Not this year. This year, reaching January feels like an escape, like ducking under a closing door just before it seals itself shut.

So a sincere Happy New Year to us all!

Novel’s at 19,864 words. I’m still butt in chair every morning, forcing myself to stay there until I hit my word count goal. Some mornings it’s easier, some it’s harder, but…I’m always making progress.

I’m actually starting to run out of runway on the research I’ve already done about the setting. Which means I’m having to make more things up out of thin air, and thus getting more things wrong. I’ve already had to revise a few scenes based on new reading I’ve done. That’ll happen more and more, I expect, until I can catch up.

I know that ultimately, I’ll need to do some heavy editing of this draft, once it’s complete. Not just to fix some inconsistencies, but also to ensure the things that are consistent are historically accurate. Or at least, as accurate as a non-specialist like me can get them in a fictional tale.

But since I know I’ll need to do it, it doesn’t scare me to get things wrong now. What’s important now, I think, is to get the emotional beats of the story right. If I can nail down the characters, and how they react to the things that happen to them, I can fix the details later. Even if those details mean I need changes to the events of the plot, that’s fine. So long as the emotional arc of things is right.

That’s my theory, at least.

I want to thank those of those you who’ve been reading me regularly through this hell year. You give me hope that someday, these novels I grind away at will see the light of publication.

And for my fellow writers, I offer a hope and a blessing: May your writing be a joy and comfort to you. May your inner editor take a vacation when you’re drafting. And may all your tales be true.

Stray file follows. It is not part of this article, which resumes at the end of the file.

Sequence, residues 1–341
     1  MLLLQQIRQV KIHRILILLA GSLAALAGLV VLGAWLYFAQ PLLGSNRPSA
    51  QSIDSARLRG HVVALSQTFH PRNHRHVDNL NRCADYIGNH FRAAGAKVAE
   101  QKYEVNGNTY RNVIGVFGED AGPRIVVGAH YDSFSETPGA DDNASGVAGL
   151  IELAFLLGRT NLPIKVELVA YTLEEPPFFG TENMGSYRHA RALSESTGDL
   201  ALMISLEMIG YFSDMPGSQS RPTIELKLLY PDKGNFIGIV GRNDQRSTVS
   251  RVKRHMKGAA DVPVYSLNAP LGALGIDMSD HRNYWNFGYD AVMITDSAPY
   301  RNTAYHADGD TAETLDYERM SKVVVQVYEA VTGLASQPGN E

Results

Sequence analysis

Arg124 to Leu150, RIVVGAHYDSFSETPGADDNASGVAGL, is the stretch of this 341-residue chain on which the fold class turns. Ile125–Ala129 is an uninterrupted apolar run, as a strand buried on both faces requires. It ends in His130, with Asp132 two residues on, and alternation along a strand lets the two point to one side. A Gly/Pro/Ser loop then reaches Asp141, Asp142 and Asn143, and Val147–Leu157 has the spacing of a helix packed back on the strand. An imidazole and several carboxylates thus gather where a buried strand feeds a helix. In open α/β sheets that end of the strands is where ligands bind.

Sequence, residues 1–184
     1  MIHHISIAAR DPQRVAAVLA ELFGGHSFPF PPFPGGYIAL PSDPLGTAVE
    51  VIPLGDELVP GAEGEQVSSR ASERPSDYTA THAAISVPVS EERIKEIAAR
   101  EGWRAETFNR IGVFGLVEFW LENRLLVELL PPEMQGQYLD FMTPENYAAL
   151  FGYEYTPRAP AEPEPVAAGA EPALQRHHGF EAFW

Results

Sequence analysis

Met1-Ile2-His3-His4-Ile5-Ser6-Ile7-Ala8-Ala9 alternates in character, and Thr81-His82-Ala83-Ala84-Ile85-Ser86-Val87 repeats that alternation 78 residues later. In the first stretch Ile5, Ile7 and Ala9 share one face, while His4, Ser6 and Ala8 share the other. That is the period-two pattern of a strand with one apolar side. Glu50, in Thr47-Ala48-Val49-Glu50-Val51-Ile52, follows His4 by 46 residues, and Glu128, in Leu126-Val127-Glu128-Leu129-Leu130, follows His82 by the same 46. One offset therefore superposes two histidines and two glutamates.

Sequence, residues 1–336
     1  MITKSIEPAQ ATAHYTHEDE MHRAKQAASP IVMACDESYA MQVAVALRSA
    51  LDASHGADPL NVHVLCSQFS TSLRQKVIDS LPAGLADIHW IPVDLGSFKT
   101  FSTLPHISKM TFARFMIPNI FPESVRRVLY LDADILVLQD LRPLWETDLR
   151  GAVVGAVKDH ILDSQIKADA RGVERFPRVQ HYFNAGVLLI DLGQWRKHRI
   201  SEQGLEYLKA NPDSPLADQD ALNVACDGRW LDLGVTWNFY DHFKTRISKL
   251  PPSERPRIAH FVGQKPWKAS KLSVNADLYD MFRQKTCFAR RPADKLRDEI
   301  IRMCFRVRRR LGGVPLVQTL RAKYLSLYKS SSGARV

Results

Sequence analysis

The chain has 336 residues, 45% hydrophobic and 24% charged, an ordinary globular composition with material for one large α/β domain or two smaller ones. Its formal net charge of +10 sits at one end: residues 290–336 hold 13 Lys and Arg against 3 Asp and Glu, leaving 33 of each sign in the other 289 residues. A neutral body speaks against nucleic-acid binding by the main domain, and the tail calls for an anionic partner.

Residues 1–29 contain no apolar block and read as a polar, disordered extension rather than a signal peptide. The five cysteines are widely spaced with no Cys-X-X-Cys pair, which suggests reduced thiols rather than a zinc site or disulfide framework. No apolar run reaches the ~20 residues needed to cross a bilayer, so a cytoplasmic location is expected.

Onward to 2021!

Keeping Score: December 25, 2020

Happy Holidays!

I’m finally back in my office. All the house work we’ve had done for the last three months — while we lived, worked, ate, and slept sealed-off in the guest room — is over. Taking down the barrier between the guest room and the rest of the house was like opening a huge present; we were grinning like kids the whole time.

And the work all looks fantastic, and a little unreal. Like we’ve stumbled into someone else’s house. But no, it’s ours! And we can once again use it all.

So I’m back to watching the sun come up over the mountains just east of the city, hammering out words before the work of the day begins.

Speaking of which, the novel’s up to 18,000 words. So I’m putting out about 2,000 words a week, which is not bad, but does mean this draft won’t be done until looks away, does mental math sometime in June (?!).

Which is…fine, I suppose. That’s still a novel draft in less than a year. But if I only work on one project at a time, that means it’ll be six months before I get back to editing my last novel. I’ve gotten some excellent feedback from my beta readers, and I’d like to incorporate it all before sending it out to agents.

Maybe I can keep working on the new draft during the week, and edit the other novel on the weekends? That’s technically not taking the weekend off, but it is taking a break from the current draft. And editing’s the kind of work that’s hard for me to track, in the sense of how many words I’ve covered. These editing passes I’ll need to jump around in the narrative, adding a bit of dialog here, changing a description there. It’s not linear work.